It is always the transition generation that finds it the most difficult to adjust to change. I was a rookie business journalist in 1992 when the Harshad Mehta scam broke and the securities market reform began. I remember talking to a small stock broker in Delhi discussing the incipient changes. Sitting far away from the trading floor and with my livelihood not at risk, I found it easy (though a bit callous, on hindsight) to tell him that his business was history. That the market would corporatize. That costs would come down and unless he either expanded very fast or became an employee, business was over. With the size of business he serviced, on the new brokerage structure that would emerge, he would not be able to survive.
Also Read Monika Halan’s earlier columns
Out of the shambles of the stock market scam emerged new institutions that looked at more order in the markets. Screen-based trading, depositories, brokerage disclosure were all new concepts that were resisted every inch of the way by the market incumbents. The stock market was a closed club of brokers. I still remember the cantankerous old fox of the Delhi Stock Exchange explaining the bhai-chara (brotherhood) system to me in his Punjabi-twanged, expletive-filled narrative. The sub-text of the story was: They were all broker-brothers who were able to sort out all their problems. Investors? Well, they bought at the highest price of the day and sold at the lowest price, since the outcry (guys gesturing and hollering at each other to make the trade on the floor of the stock exchange) system prevented the investor from knowing at what time and what price the trade got executed. Sounds primordial today, doesn’t it? Investors wanting 100 shares were looked at as if they were beggars, charged rates that were more than 5% of the trade. And service? Well that was for the big boys.
One issue that got the brokers really worked up was the decision to get them to declare their brokerage on the contract note. There was a violent reaction, brokers threatened to go on strike. They prophesied doom for the markets. For the economy. For the National Stock Exchange (NSE). Employees of NSE actually got threats after they found a trail of money from the brokers leading to the underworld. Now, almost 20 years later, India has one of the most efficient markets in the world, brokerages are down to 20-40 basis points (you pay 20 paise each time you transact Rs100 worth of shares) and the time when delivery of shares (if you were lucky enough to get your signatures matched) took more than a month, seems like from another planet.
Judging by the activity just under the surface in the mutual fund industry, it’s Season Two time. By gradually tightening the commission norms, the Securities and Exchange Board of India (Sebi) has tried to nudge the industry for the last three years towards performance-based selling to the retail market. Throwing money at the distribution chain and chasing corporate and high net-worth customers was not the way it was supposed to be. With mutual funds going no-load (you no longer pay the embedded cost in the price), the reactions in the industry are as expected. While some fund houses (the product manufacturer) are giving public statements opposing the move, privately they are laughing. For too long the tail twisted the dog—there are stories of how large distributors would not even take calls from mutual fund heads unless they were promised a commission of 8%. Other fund houses that target assets under management, are hiring lawyers, chartered accountants and sharp-shooter compliance officers to find that last remaining loophole that will allow them to still milk the system. That one last time.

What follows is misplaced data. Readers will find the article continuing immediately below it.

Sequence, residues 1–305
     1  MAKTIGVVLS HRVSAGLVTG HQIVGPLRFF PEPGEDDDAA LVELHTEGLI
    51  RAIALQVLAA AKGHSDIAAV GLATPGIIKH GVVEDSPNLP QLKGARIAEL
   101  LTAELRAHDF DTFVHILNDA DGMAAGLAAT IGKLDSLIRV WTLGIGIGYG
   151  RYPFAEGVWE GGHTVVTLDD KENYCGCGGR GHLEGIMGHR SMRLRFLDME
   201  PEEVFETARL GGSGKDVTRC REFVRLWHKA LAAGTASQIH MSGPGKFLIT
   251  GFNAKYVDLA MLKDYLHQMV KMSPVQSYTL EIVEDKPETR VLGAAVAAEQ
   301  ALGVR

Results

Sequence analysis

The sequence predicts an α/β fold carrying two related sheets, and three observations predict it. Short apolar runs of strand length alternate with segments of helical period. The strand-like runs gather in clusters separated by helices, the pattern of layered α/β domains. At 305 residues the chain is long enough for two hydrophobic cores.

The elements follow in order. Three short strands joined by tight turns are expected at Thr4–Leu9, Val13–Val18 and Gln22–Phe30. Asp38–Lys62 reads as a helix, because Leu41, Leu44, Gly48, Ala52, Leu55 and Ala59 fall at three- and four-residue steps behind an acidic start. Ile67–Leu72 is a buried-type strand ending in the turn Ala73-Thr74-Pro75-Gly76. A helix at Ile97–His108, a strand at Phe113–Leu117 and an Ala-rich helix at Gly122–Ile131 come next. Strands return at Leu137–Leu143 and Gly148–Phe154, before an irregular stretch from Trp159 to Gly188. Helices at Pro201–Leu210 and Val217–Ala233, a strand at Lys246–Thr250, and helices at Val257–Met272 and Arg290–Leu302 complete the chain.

The 55,000 mutual fund distributors plus banking distribution chains are working on two fronts. Defensive and offensive. The lowest of the low-life used all of July to heavily churn their customers (you). Check your July statement to see the transactions for the month. Each time the bank or your agent bought you a fund, you paid the bank/agent/advisor Rs2.25 on Rs100 of transaction. Do this three times on a corpus of Rs10 lakh and they made at least Rs60,000 off you, just in a month. If you found you’ve been churned, find another point of sale. If this was defensive, the offensive strategy is to quickly cobble together an association, lobby with the ministry of finance, the Prime Minister’s Office, or whoever would listen, and go to court. A New Delhi-based distributor-led attempt to litigate against the no-load order fell flat on its face, first when the fund houses refused to pay for the legal fees and two, when the court threw the case out. If history is any beacon to the future, it will settle down. You will end up paying less, in a more transparent manner, the market will expand and the occasional jay walker will still get hit, but the systemic problem will get over.
What you have to do: There are no free lunches. Sebi is not saying that you can buy funds for free. All it is saying is, by making mutual funds no-load, the person servicing you will really be your agent, rather than the agent of the mutual fund. And as your agent, you need to pay him directly for the service he gives. You pay your doctor, your lawyer, your shrink. Now you pay your financial adviser. If you’ve been happy with your adviser, begin paying for that service. Or get shoddy service and get hit by products that harm. Advice from a Mumbai-based value-for-money distribution house: Look beyond the glitz of the sales team and examine your statements carefully. If not, well, it’s your money, no amount of regulation can help you.
Monika Halan is a certified financial planner and is currently working as adviser, Pension Fund Regulatory and Development Authority. Your comments and personal finance queries are welcome at firstname.lastname@example.org